LONDON (Reuters) - London-listed private equity firm 3i Group <III.L> said on Thursday it had no plans to dispose of its biggest asset, Dutch discount retailer Action, rebutting market speculation that a sale could be imminent.
Bankers have speculated that a sale could take place soon, given that 3i has been invested in Action since 2011 and said last year it had fielded multiple approaches from interested buyers for the jewel in its portfolio.
Action represents more than a third of 3i's private equity portfolio.
"There is no plan in the short term, in the next six to 12 months, to enter into a strategic review of the asset," Chief Executive Simon Borrows said on a call with reporters announcing the group's interim results.
3i, which is also invested in ferry operator Scandlines, said Action still has the opportunity for significant further growth as it rolls out a rapid store expansion programme targeting more than 2,700 stores and 10 billion euros (£8.9 billion) in annual turnover.
The firm increased its valuation of the Action stake, which analysts say is 44 percent, to more than 2 billion pounds, from 1.7 billion pounds as of March 31. It represents 35 percent of the value of 3i's private equity portfolio.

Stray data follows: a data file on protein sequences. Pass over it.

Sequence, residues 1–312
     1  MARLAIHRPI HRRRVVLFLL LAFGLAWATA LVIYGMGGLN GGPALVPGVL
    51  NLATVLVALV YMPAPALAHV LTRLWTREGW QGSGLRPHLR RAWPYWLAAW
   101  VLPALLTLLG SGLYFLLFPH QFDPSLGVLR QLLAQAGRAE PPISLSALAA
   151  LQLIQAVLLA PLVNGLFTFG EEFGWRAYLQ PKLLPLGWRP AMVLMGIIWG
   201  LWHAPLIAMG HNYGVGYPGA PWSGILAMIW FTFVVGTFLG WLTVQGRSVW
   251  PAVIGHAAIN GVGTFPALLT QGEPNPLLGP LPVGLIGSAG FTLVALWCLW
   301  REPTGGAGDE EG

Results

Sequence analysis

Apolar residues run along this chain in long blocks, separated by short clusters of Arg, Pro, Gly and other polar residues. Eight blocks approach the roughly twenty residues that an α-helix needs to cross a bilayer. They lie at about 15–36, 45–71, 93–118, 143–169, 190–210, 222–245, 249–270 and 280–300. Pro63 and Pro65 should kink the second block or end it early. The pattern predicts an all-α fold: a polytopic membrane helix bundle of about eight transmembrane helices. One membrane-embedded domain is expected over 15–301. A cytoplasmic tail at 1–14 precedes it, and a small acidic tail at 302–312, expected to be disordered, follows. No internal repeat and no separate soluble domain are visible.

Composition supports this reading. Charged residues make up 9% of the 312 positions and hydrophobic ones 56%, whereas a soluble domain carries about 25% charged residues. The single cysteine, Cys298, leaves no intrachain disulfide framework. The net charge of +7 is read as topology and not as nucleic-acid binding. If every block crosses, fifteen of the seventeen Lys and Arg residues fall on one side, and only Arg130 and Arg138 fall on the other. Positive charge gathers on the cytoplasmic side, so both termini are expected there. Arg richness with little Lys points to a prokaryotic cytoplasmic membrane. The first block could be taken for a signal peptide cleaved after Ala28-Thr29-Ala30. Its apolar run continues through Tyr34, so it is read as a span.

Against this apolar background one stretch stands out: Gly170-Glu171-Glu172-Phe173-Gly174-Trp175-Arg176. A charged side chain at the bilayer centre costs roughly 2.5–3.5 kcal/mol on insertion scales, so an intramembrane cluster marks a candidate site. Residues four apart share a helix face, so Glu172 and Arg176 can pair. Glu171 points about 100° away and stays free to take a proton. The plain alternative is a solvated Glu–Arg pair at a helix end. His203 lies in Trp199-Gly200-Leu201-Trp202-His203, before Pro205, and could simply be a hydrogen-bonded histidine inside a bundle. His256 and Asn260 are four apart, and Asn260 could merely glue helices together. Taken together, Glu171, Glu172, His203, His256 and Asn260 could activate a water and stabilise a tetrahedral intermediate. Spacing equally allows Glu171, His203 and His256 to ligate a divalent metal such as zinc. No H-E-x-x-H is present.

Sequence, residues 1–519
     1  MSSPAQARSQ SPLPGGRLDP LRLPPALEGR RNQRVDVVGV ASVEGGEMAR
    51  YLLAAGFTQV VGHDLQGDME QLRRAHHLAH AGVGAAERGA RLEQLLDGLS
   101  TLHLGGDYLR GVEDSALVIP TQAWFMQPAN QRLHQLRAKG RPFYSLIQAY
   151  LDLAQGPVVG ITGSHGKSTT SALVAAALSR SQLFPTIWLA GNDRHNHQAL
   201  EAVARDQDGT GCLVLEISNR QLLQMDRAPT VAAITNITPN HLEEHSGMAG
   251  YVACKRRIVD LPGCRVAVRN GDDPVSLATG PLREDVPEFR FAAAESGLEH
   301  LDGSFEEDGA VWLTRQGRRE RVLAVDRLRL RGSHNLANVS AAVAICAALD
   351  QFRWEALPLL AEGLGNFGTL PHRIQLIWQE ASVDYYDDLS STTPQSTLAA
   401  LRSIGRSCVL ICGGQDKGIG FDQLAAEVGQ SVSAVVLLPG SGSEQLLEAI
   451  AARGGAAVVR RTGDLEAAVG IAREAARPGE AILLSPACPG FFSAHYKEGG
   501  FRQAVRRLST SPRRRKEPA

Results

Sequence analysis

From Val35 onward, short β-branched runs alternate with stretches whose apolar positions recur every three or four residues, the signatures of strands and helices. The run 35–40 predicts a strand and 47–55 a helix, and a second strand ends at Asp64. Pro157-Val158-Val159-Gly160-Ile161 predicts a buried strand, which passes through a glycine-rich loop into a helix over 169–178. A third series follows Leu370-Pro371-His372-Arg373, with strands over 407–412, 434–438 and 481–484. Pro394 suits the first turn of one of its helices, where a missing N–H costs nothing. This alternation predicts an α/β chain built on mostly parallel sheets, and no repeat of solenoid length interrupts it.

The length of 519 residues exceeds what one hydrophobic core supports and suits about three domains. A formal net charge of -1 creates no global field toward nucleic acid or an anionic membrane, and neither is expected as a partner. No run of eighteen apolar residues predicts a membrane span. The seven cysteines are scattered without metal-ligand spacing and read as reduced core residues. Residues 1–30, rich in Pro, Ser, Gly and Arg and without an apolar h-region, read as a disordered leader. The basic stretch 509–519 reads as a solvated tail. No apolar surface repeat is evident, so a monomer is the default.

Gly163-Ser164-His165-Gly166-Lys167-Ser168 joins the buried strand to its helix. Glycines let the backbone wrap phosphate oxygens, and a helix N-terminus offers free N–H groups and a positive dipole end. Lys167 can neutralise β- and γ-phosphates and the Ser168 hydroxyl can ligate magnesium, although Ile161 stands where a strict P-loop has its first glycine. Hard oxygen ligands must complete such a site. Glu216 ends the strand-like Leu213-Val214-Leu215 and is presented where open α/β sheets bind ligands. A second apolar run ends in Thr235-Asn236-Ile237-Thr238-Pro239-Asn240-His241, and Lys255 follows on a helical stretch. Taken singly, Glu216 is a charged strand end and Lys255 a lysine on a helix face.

3i reported a rise in net asset value per share to 652 pence, from 604 pence as of March 31, 2017. Its share price was up 2.2 percent at 918.5 pence by 0935 GMT compared to a broadly flat FTSE 100 index <.FTSE>.
The group's total return - the change in the valuation of the portfolio, plus profits on disposals, plus any income from the portfolio and foreign exchange impact, minus the costs of the business - fell to 655 million pounds in the six months to Sept. 30, compared with 1 billion pounds in the same period of 2016.
The group attributed the decline to an exceptional previous period when the valuation of Action was bolstered by two approaches and foreign exchange gains from the fall of the pound.
3i, which was founded in 1945 in Britain, said its private equity portfolio's international investments, particularly in northern Europe and North America, now accounted for around 90 percent of the total by value.
(Reporting by Dasha Afanasieva, Editing by Lawrence White and Susan Fenton)